interesting facebook user statistics out recently confirm what most of us (and certainly your teenagers) already knew – the service is growing up, and it’s not (only) about the kids anymore. and that’s not even the biggest news. what do the changing demographics mean for facebook users? for the growing number of businesses and organizations seeking to use the service to communicate with those users? read on…
the service launched at harvard in early 2004; by the end of that year it had attracted a million members. by the end of 2005, it was up to 5.5 million users. facebook was increasingly popular with college students, but growth was limited by the policy of limiting membership to those with edu email addresses (facebook added high school and international student networks in 2005).
I first joined at the start of 2006 using an alumni address – looking back at my old emails, I was logging into uva.facebook.com. things really started to move later that year. in september 2006, facebook opened the doors to non-edu members. by year’s end, facebook was at 12 million. four months later, they rocketed past 2o million. by october, the total was at 50 million. 100 million came last summer. and now? facebook claims 250 million people are ‘actively using’ the site (on within the past 30 days). wow.
there can be no growth without change
while all this growth was happening, the company introduced a variety of changes and improvements to how things look and act on the site. nearly all of the changes were greeted by some degree of protest. non-technical users, the vast majority of facebook members, were either confused, frustrated, or both. users of other services, especially twitter, delighted in decrying the ‘twitterfication’ of facebook. kind of reminded me of the cult of apple back when microsoft launched windows 3.1 with its apple-ightful graphical user interface. as with microsoft, most stuck around. proof of facebook’s success? anecdotal ‘quitter’ stories in respectable news outlets. interface changes. privacy issues. crowds of attorneys with frivolous lawsuits. facebook just rolls over and absorbs them, like jabba the hutt or some giant ball of silly putty.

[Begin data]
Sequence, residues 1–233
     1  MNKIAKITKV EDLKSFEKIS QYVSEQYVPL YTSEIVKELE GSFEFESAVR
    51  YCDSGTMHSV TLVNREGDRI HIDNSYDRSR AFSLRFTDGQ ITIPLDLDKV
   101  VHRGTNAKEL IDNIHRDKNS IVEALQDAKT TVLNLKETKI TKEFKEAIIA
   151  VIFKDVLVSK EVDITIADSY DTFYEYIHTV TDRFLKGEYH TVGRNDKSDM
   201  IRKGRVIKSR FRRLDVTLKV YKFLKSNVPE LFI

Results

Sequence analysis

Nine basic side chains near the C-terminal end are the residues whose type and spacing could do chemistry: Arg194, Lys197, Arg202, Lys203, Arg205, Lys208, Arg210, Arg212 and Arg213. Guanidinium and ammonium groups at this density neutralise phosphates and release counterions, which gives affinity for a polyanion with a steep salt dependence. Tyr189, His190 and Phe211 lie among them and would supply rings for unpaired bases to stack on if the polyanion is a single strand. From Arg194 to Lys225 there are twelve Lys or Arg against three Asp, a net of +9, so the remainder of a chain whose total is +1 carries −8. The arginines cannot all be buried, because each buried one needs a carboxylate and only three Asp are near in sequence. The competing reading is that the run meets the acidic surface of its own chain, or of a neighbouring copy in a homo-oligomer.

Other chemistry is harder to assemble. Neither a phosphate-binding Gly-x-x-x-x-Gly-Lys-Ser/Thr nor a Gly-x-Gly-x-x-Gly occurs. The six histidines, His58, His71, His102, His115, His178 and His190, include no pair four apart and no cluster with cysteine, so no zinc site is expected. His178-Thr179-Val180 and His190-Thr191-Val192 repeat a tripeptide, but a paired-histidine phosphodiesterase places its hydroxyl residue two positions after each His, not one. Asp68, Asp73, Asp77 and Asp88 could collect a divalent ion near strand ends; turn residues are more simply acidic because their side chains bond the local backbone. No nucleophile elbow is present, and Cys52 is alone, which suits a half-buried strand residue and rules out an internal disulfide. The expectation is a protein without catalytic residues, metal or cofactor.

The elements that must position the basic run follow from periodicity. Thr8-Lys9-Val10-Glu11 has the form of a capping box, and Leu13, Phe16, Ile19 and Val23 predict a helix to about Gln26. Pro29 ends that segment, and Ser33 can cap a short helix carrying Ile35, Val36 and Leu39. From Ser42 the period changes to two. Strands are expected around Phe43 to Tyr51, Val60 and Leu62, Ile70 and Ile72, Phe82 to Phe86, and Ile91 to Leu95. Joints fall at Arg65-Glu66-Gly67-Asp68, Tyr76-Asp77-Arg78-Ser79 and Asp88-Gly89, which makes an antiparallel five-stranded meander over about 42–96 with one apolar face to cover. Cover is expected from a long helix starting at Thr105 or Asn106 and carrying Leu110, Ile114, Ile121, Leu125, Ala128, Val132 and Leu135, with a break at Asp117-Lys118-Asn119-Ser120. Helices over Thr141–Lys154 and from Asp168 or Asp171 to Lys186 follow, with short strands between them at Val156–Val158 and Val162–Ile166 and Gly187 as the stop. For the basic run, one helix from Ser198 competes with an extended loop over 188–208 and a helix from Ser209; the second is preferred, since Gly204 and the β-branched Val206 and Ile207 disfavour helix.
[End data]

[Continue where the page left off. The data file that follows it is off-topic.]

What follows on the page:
but I digress
the point is, facebook has successfully evolved from a fun social outlet for college (and shortly thereafter high school) kids into a fun social outlet for kids of all ages that can also serve as a marketing channel for businesses and organizations. I found some additional demographic info supporting the maturation of facebook’s user base (caveat – I believe these numbers are just for united states users. it records total users as 42mm, while facebook’s claim for january 2009 is 200mm users). in october 2007, just 4.1% of facebook users were 35 and over. by january 2009, that number was 19.0% – in increase of over 450% in less than 15 months. I show the actual percentages with the growth number to show that facebook is still pretty youthful – the total number of new users under 35 joining in the second half of 2008 exceeds the total number of older users at the end of that period!
burying the lead
so older? yeah, a little. but the most interesting bit didn’t get nearly the coverage. I’ve seen some commentary on another statistic regarding mobile facebook users. 65 million users, over 25% of current facebook members, access the service through mobile devices. however, the most interesting statistic didn’t make any of the articles I’ve seen. facebook notes that mobile users are 50% more active than non-mobile users. this kind of information is critical for anyone trying to develop strategies to communicate with the most engaged members of the facebook community. marketers need to be aware of what users see in the different versions – full versus the new lite versus mobile.
exciting stuff. what do you think?